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JAMA Clinical Reviews

Medical

Author interviews that explore the latest clinical reviews.

Author interviews that explore the latest clinical reviews.

Location:

United States

Description:

Author interviews that explore the latest clinical reviews.

Language:

English


Episodes

Coronavirus (COVID-19) Update: Safe Shopping at Stores and Pharmacies

4/3/2020
Food and medicine shopping is essential during the COVID-19 pandemic, but requires getting out and standing close to strangers at a time when social distancing and sheltering-in-place are recommended to slow spread of disease. David Aronoff, MD, director of the Division of Infectious Diseases at Vanderbilt University in Nashville, explains how to minimize COVID-19 risk while shopping.

Duration:00:19:01

Coronavirus Disease 2019 (COVID-19) Update: PCR Testing and Shortages

3/27/2020
The lack of availability of COVID-19 testing has interfered with the ability to contain the spread of disease. Omai Garner, PhD, laboratory director for Clinical Microbiology in the UCLA health system, explains how PCR testing for COVID-19 works and why testing is in short supply.

Duration:00:31:20

Coronavirus Disease 2019 (COVID-19) Update: How the VA Is Preparing

3/25/2020
As COVID-19 spreads, clinicians and health systems are struggling to prepare for a surge of patients. Richard Stone, MD, the US Veterans Health Administration's Executive in Charge, spoke with JAMA about how the VA health system is preparing for this public health emergency.

Duration:00:17:50

Coronavirus (COVID-19) Update: Lessons Learned From The 2003 SARS Outbreak

3/25/2020
In 2003, Toronto was the North American center for Severe Acute Respiratory Syndrome (SARS). The disease spread through the city’s hospitals before anyone knew what was happening. Dr Allison McGeer was a clinician caring for SARS patients and ultimately was infected herself. She describes her experience as a patient and provider and reviews lessons learned that might help others manage their regional COVID-19 outbreaks. Related: Supporting the Health Care Workforce During the COVID-19...

Duration:00:38:24

Coronavirus (COVID-19) Update: Chloroquine/Hydroxychloroquine and Azithromycin

3/24/2020
Chloroquine was shown in 2004 to be active in vitro against SARS coronavirus but is of unproven efficacy and safety in patients infected with SARS-CoV-2. The drug's potential benefits and risks for COVID-19 patients, without and with azithromycin, is discussed by Dr. David Juurlink, head of the Division of Clinical Pharmacology and Toxicology at Sunnybrook Health Sciences Centre in Toronto.

Duration:00:17:11

The Diagnosis and Management of Primary Hyperparathyroidism

3/24/2020
Hyperparathyroidism is a fairly common disease that causes elevated calcium levels and bone depletion, resulting in fractures and kidney problems. There are medications that can effectively manage hyperparathyroidism, and in some cases surgery is indicated. Michael Yeh, MD, professor and chief of endocrine surgery at UCLA, discusses the management of hyperparathyroidism.

Duration:00:19:46

Nonalcoholic Steatohepatitis: The Primary Care Perspective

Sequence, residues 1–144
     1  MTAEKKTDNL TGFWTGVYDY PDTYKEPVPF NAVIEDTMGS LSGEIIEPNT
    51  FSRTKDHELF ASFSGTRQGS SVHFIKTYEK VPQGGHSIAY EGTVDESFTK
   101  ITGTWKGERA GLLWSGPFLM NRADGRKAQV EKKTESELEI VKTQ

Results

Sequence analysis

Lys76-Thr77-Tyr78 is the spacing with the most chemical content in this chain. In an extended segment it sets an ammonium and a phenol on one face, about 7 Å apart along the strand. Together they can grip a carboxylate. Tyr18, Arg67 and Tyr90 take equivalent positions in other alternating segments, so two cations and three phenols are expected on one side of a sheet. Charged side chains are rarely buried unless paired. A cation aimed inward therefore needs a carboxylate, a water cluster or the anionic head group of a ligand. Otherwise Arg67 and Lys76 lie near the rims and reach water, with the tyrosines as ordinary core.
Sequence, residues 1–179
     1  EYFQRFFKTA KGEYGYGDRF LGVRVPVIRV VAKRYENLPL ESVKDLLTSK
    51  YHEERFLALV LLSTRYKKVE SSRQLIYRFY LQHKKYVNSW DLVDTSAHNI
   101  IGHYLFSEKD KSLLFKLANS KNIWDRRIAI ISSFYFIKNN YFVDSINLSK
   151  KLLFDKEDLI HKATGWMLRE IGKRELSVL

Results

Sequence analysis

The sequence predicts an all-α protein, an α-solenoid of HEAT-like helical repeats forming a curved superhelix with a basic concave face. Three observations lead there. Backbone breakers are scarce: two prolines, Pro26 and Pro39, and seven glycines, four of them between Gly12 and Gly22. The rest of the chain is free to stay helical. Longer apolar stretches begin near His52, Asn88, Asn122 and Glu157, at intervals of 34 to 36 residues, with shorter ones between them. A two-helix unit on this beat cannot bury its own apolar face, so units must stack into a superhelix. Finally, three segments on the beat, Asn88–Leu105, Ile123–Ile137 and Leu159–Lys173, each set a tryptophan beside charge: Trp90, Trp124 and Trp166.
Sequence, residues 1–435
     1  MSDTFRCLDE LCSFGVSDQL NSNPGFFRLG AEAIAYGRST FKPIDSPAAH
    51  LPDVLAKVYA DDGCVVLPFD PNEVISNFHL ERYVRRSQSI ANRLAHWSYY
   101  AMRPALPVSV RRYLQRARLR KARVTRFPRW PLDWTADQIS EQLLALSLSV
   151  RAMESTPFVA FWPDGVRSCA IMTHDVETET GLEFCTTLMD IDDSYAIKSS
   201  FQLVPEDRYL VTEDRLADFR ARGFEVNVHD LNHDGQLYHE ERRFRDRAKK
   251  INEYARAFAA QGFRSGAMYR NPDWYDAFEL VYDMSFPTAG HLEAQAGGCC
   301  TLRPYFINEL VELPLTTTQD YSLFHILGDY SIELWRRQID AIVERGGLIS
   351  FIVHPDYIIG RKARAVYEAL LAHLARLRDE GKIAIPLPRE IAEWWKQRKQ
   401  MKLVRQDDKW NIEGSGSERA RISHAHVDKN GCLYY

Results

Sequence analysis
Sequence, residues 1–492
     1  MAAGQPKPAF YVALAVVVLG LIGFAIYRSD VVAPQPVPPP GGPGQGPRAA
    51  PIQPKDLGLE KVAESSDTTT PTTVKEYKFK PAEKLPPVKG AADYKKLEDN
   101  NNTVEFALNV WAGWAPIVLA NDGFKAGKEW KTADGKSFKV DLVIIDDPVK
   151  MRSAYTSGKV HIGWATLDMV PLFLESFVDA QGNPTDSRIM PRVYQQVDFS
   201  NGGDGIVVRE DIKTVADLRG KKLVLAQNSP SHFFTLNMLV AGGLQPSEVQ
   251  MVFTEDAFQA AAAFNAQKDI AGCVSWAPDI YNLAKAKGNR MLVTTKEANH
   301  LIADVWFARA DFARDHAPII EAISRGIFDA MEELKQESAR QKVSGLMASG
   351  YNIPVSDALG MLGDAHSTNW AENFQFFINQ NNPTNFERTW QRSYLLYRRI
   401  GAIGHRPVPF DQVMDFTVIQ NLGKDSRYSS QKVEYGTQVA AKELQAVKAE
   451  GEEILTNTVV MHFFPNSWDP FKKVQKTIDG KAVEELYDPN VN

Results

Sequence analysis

3/24/2020
Nonalcoholic steatohepatitis (NASH) is becoming more frequent as the population becomes more obese. This is not a benign problem, and NASH can ultimately lead to cirrhosis and liver failure. It is thought that NASH will ultimately become the most common cause for liver transplant. NASH is usually diagnosed as an incidental finding, but once found requires careful monitoring and patient counseling. Lisa N. Kransdorf, MD, MPH, from UCLA Health in California, discusses the diagnosis and...

Duration:00:15:07

Coronavirus (COVID-19) Update: Early Safety Signals Around Ibuprofen and Renin-Angiotensin Inhibitors

3/20/2020
Emerging information about how SARS-CoV-2 virus infects cells has led to speculation that NSAIDs and ACE inhibitors/angiotensin receptor blockers (ARBs) may worsen clinical disease. Infectious disease physician Carlos del Rio, MD, of Emory University explains the concerns and their clinical implications.

Duration:00:09:27

Who Was Nathan Pritikin and Why Is There a Diet Named After Him?

3/17/2020
This podcast explains the Pritikin diet to patients. Nathan Pritikin was a college dropout who became an entrepreneur. While doing research for the government during World War II, he observed that populations that had extremely limited food availability because of the war had substantially reduced mortality from cardiovascular disease—something unexpected at a time when cardiovascular disease was thought to be due to stress. After the war when food became more available CVD death rates went...

Duration:00:23:09

Nathan Pritikin and His Diet

3/17/2020
Nathan Pritikin was a college dropout who became an entrepreneur. While doing research for the government during World War II, he observed that populations that had extremely limited food availability because of the war had substantially reduced mortality from cardiovascular disease—something unexpected at a time when cardiovascular disease was thought to be due to stress. After the war when food became more available CVD death rates went back up, resulting in Pritikin concluding that CVD...

Duration:00:23:35

COVID-19 in Seattle: Clinical Features and Managing the Outbreak

3/15/2020